The Convention will allow Governments to bring their treaties in line with aspects of the BEPS project without renegotiating individual treaties.
On Thursday 25 November 2016, pursuant to Action 15 of the Base Erosion and Profit Shifting (BEPS) initiative, the OECD published the Multilateral Convention (the Convention) that is intended to implement the treaty-related aspects of the initiative without needing to update/renegotiate individual tax treaties. The Convention is the product of an ‘ad hoc group’, in which 99 countries participated as full members, supported by several non-state jurisdictions and international and regional organisations. The Group was chaired by Mike Williams of HM Treasury in the UK.
The Convention applies in relation to a treaty (Covered Tax Agreement) where both contracting states (the Parties) have notified the Secretary General of the OECD (the Depositary) that they intend the Convention to apply to it. In relation to BEPS minimum standards (for example, in relation to treaty abuse, Principal Purpose Test or full Limitation of Benefits clause), such minimum standard is to apply automatically, with limited exceptions, to all Covered Tax Agreements.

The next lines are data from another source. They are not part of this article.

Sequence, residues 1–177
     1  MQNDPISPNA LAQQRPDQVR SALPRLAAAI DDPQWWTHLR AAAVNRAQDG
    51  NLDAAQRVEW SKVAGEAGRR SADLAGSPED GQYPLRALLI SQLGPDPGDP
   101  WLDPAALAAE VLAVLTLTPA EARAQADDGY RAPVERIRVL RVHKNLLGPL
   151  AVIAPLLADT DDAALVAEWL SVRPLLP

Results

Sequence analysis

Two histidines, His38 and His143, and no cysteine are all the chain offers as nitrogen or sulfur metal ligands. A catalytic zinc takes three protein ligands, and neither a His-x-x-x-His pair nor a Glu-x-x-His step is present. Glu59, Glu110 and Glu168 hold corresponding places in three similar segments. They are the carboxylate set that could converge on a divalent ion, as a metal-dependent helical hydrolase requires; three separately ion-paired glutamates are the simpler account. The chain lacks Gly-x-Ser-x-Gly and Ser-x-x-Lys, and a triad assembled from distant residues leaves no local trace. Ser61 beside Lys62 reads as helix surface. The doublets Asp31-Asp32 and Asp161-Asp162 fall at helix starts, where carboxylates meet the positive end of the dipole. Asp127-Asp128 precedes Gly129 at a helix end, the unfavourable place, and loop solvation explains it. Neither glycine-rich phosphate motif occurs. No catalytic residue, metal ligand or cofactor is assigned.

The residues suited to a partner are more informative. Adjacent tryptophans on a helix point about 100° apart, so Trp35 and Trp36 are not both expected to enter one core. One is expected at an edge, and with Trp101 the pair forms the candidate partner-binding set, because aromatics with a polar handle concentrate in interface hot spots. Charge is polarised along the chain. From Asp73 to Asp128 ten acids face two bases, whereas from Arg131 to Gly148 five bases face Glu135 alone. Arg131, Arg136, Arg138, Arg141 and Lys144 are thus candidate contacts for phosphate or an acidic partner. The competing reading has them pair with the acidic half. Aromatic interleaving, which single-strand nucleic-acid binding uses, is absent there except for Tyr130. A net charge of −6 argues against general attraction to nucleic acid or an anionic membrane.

In relation to provisions which are not minimum standards (for example, the changes to the definition of permanent establishment), a Party to the Convention is entitled to opt out of that provision by expressing a ‘reservation’; this has the effect that the provision in question does not apply to any of that party’s treaties.
Governments are currently preparing their lists of treaties to be covered by the Convention and are considering which options to select and reservations to make.
A signing ceremony is expected to take place in early June 2017, and the Convention will then enter into force after five countries have ratified, accepted or approved it. In terms of its application to any given tax treaty, it will enter into effect after all parties to that treaty have ratified the instrument and acertain period (defined by the Convention) has passed, to ensure clarity and legal certainty. Taking all of this into account, it is anticipated that the Convention could apply as early as 1 January 2018 for withholding taxes, and for taxable periods beginning on or after 1 April 2018 for other treaty purposes.
An Explanatory Statement has been published together with the text of the Convention, with further guidance to be developed by the OECD in due course. For more information on the Convention, KPMG in the UK have prepared an overview on the content of the Convention, along with our view. KPMG’s EU Tax Centre have also prepared a Euro Tax Flash.
We are also planning a webinar for 12 December 2017, where we will discuss the Multilateral Convention in more detail –registration information will follow in a future edition of Tax Matters Digest.